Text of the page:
If you have tattoos that are either always visible or easily visible if you wear loose clothing, you may want to consider keeping a coverup kit at the ready. No doubt you take pride in your tattoos and don't want to be around people who actively dislike them. However, chances are that you'll eventually end up in a situation or two where you need to be sure the tattoos are not visible no matter how much you like them. Sometimes, a little coverup makeup is all you need, such as for tiny tattoos. But if you have larger tattoos, especially ones that are in areas where clothing can regularly hit the tattoo, you need a larger temporary tattoo cover up kit.
One of the biggest reasons to keep a full coverup kit is if you travel internationally. Many countries don't view tattoos in the same way the United States does, and sometimes the reasons are highly specific. Japan is a good example; tattoos were originally worn only by the Yakuza, or the Japanese equivalent of the mafia. Even though modern attitudes, especially among subcultures, have relaxed a little bit -- and most people in the country are aware that tourists may be sporting ink -- you will still find adverse attitudes and be banned from certain places like many public baths.
If you know you're going to be walking into a situation where your tattoos will be less than welcome, then you can put the coverup kit on in the morning and wear it throughout the day. Look for kits that have a skin-like layer that you place on top of the tattoo; while you'll still need some coverup makeup to make the layer's edges blend with your own skin, this will be a lot easier than adding lots and lots of coverup makeup all over a large tattoo.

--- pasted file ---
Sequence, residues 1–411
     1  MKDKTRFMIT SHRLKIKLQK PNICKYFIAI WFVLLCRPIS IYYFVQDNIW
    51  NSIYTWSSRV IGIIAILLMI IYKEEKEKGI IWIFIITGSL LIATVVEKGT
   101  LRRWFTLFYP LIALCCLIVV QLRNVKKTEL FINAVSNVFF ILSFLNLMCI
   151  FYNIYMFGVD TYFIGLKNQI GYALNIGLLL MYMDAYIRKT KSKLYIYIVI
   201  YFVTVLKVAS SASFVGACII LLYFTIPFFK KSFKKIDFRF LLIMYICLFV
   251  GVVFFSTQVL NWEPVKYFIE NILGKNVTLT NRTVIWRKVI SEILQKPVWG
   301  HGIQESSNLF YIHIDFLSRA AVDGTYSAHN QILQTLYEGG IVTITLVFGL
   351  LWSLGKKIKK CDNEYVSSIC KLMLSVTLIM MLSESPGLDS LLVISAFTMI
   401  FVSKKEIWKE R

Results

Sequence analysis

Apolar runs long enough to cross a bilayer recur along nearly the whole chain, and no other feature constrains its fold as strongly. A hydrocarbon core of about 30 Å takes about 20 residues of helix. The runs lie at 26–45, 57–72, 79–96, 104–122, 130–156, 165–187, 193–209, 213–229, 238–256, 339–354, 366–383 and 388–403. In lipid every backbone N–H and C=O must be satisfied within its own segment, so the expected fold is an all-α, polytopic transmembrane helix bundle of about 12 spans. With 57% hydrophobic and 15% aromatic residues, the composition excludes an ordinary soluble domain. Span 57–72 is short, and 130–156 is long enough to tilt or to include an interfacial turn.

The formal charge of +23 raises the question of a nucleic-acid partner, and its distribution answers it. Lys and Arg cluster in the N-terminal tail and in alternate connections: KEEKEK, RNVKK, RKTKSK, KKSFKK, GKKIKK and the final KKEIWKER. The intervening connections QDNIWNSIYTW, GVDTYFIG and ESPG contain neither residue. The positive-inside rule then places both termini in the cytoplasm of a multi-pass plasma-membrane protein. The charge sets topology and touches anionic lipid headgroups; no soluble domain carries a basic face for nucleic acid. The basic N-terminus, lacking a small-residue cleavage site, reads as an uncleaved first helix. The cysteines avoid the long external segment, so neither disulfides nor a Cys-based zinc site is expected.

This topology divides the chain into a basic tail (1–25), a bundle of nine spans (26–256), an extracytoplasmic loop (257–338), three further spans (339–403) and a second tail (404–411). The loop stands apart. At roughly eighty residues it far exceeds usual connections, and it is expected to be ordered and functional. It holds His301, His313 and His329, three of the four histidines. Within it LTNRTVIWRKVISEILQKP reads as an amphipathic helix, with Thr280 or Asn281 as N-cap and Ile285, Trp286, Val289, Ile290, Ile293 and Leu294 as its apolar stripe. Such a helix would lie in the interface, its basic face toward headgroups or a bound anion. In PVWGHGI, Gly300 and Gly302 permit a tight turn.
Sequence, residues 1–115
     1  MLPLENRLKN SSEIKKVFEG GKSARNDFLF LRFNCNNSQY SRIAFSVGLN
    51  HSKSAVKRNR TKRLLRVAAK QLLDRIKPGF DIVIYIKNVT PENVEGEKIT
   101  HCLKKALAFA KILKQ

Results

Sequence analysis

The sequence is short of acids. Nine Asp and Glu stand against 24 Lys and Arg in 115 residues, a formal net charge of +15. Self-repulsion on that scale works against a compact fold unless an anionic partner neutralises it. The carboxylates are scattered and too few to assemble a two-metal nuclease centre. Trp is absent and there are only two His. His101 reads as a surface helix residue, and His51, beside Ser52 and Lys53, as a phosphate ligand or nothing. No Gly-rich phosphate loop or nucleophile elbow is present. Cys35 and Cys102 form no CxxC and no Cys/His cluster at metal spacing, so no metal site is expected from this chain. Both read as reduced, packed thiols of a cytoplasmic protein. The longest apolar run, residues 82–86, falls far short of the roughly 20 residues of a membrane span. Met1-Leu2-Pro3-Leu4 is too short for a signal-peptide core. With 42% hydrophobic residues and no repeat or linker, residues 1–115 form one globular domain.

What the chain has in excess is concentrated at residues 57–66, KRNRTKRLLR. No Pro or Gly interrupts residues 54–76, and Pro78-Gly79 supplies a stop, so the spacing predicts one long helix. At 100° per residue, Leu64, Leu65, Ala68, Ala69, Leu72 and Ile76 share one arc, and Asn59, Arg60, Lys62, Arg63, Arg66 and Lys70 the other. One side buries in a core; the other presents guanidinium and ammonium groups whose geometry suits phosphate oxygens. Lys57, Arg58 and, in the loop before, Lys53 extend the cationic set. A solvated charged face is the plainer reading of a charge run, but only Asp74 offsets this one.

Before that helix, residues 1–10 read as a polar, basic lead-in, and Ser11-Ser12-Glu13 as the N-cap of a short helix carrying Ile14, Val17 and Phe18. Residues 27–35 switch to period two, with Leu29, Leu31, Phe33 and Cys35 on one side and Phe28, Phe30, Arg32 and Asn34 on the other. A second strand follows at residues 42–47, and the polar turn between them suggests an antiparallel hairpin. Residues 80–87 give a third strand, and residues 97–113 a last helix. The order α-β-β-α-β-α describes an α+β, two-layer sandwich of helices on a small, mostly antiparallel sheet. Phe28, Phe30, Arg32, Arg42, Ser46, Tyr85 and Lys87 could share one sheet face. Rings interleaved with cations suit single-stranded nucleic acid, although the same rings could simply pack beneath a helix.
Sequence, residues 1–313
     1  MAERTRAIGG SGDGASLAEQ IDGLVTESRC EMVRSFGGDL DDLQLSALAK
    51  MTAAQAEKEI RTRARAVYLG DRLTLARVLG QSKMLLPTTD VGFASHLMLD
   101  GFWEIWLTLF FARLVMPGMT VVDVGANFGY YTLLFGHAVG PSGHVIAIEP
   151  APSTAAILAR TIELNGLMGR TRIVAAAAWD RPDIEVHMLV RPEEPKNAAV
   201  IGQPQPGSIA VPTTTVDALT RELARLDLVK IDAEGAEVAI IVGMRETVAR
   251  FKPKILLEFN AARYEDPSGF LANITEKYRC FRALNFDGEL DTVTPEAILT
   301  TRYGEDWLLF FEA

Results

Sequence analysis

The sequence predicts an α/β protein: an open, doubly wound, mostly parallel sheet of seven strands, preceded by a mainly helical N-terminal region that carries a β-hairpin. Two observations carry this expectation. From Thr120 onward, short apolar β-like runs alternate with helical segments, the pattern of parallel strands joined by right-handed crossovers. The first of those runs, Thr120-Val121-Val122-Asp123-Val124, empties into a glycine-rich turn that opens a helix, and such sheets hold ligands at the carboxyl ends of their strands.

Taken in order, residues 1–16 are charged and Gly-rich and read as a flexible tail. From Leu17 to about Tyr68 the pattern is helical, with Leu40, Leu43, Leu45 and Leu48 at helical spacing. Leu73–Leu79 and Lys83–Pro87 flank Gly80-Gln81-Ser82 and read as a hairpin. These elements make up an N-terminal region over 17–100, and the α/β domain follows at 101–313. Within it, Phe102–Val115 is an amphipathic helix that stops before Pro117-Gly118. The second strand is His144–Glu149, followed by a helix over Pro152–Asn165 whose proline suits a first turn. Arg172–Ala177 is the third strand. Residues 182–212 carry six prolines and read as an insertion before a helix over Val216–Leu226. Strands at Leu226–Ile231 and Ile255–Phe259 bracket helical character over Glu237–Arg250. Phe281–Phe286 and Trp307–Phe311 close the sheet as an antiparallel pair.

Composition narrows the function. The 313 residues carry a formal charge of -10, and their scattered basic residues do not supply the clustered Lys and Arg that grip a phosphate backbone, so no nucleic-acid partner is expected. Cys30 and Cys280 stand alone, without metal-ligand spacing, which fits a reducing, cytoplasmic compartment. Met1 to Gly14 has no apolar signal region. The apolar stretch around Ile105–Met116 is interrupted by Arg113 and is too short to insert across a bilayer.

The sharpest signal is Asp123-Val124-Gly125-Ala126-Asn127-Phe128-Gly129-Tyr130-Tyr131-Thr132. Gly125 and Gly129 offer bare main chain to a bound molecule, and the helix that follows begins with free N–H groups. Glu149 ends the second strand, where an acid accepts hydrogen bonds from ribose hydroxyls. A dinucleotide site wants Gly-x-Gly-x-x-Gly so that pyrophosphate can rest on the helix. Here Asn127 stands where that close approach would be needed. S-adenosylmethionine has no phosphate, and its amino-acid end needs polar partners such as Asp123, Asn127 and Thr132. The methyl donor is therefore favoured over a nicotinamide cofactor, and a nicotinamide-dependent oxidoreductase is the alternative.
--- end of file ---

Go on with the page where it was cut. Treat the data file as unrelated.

Companies are becoming more open to having employees with ink that isn't blatantly gruesome or offensive, and sometimes showing your tattoo in a job interview is a good way of telling whether you'd want to work with the company (if your interviewer recoils, maybe you want to look elsewhere, right?). However, for most interviews, it's better to play it conservatively first. If you're not sure of how the company functions, covering up the tattoos is best. You never know; you might walk in and find the receptionist inked up. But until you get a better sense of what the company wants, play it safe.
Granted, if you're not interested in acting, this won't apply to you. But if you've been thinking of getting involved with community theater or going back to school for a drama degree, start learning how to cover up the tattoos now. While drama schools and theater troupes are full of people who like tattoos, the characters you play are not always going to have them. It will save you a lot of time when getting into costume if you can apply a large skin patch to cover up most of the tattoos quickly.
You've got a number of different choices for coverup kits; talk to friends who have tattoos as well as tattoo parlors to get suggestions for ones you should try. Give the kits a test run to ensure the results are satisfying.